Korean megachurches stressing innovation continue growth

Although the growth in Korean churches and megachurches has slowed and in some cases shows signs of decline, churches that innovate in such ways as stressing expository preaching and intercessory prayer while downplaying the church’s corporate nature are showing signs of growth, according to research by the Center on Religion and Civic Culture at the University of Southern California. A conference on religious competition and innovation in Korea sponsored by the center presented research by sociologist Sung Gun Kim on growing Korean megachurches that are unaffected by the stagnation and financial scandals involving other prominent megachurches. In case studies of four out of twenty growing megachurches in Seoul with 10,000 attendees each, Kim found that even megachurches that have retained their dynastic leadership and wealthy facilities are able to deflect concern about these features through innovation. Unlike in U.S. megachurches where topical preaching predominates, these growing Korean congregations engage in expository preaching from the Bible, as well as embracing more humble measures, such as limiting elders’ tenure and vowing not to own church property.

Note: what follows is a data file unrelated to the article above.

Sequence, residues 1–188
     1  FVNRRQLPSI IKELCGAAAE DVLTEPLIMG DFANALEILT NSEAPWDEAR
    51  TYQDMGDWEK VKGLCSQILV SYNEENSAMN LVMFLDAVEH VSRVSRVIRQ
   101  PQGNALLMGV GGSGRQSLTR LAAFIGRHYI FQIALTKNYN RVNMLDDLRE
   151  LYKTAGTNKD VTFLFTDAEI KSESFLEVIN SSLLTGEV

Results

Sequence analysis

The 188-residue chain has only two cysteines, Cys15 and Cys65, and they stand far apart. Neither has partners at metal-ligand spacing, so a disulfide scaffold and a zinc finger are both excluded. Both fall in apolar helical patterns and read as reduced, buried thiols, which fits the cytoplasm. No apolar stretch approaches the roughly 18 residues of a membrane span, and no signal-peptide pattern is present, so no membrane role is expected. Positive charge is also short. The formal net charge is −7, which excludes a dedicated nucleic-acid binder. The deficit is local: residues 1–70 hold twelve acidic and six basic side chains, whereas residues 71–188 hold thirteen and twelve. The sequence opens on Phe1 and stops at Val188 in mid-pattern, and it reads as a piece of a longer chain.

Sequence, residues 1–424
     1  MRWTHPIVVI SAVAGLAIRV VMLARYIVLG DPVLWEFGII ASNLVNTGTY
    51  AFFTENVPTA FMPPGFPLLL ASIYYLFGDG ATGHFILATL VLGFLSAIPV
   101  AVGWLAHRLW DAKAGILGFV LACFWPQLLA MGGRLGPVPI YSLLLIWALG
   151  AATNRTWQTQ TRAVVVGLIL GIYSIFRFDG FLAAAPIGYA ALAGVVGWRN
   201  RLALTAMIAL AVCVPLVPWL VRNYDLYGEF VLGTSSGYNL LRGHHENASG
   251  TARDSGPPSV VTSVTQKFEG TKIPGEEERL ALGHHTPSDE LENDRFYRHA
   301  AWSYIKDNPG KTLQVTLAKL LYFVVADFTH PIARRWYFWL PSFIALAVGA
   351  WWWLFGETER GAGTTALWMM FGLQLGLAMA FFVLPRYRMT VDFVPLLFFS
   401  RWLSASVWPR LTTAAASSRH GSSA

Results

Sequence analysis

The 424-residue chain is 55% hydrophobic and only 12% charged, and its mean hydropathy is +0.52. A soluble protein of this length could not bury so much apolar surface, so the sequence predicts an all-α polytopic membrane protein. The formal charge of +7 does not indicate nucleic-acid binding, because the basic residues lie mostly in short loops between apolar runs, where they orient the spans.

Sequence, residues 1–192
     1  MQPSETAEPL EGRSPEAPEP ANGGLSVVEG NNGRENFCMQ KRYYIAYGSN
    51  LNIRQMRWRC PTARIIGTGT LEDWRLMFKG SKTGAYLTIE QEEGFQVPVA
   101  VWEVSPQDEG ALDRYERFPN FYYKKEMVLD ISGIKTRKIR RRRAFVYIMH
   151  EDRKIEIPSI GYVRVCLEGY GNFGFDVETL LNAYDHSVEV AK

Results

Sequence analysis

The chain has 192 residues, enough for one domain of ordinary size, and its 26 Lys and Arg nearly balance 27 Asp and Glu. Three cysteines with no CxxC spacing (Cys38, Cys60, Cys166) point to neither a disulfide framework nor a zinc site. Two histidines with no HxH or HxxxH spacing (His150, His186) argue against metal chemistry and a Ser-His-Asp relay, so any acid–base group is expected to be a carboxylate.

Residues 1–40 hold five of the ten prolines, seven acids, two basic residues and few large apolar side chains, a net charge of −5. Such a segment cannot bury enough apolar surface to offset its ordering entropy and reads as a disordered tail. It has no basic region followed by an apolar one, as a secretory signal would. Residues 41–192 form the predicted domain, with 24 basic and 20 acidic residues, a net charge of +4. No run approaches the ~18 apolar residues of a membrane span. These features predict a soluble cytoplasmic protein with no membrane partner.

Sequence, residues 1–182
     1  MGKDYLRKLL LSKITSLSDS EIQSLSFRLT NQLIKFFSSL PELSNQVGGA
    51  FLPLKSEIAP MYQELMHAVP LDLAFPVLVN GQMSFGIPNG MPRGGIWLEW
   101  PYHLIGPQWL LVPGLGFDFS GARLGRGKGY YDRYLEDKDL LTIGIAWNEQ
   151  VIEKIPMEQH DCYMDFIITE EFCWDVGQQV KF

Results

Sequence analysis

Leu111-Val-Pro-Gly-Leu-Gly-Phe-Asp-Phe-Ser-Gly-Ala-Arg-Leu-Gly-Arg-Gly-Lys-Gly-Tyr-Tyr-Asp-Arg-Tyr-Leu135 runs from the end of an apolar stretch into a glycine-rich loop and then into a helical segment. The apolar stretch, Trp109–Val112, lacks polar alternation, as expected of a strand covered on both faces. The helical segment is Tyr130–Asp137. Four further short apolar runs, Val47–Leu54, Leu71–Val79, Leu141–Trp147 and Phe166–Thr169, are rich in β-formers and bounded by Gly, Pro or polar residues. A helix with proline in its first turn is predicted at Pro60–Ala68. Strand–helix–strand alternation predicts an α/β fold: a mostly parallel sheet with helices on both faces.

While Korean megachurches have a history of embracing the status quo and accommodating authoritarian regimes, the new breed of megachurch veers away from “political and popular themes, such as love and money to focus on biblical teachings—considered a novel approach in Korea that is leading to higher levels of regular tithes,” reports The Diplomat online magazine (September 21). In interviewing members of these churches, Kim finds that church leaders have retained the loyalty of members, even after they have been involved in scandals. Kim’s survey of 800 attendees (200 per church) found that they attend church 2.9 times a week, with 81 percent reporting being “born again” and 67 percent tithing regularly. As in the U.S., recent surveys have found a sharp increase in religious disaffiliation among Korean young people, growing from 12 to 35 percent in the last decade. Richard Flory, director of the USC center, attributes the increase to the growing distrust of social groups and organizations in general. The article notes that there is a continued interest in spirituality, as seen in young people who were raised Buddhist converting to Catholicism, impressed by the transparency of the church embodied by Pope Francis. Catholic and Protestant approaches to evangelization are becoming more “progressive,” with their styles even converging. At the same time, Koreans are becoming more concentrated in large churches, with even a Buddhist “mega-temple” coming on the scene.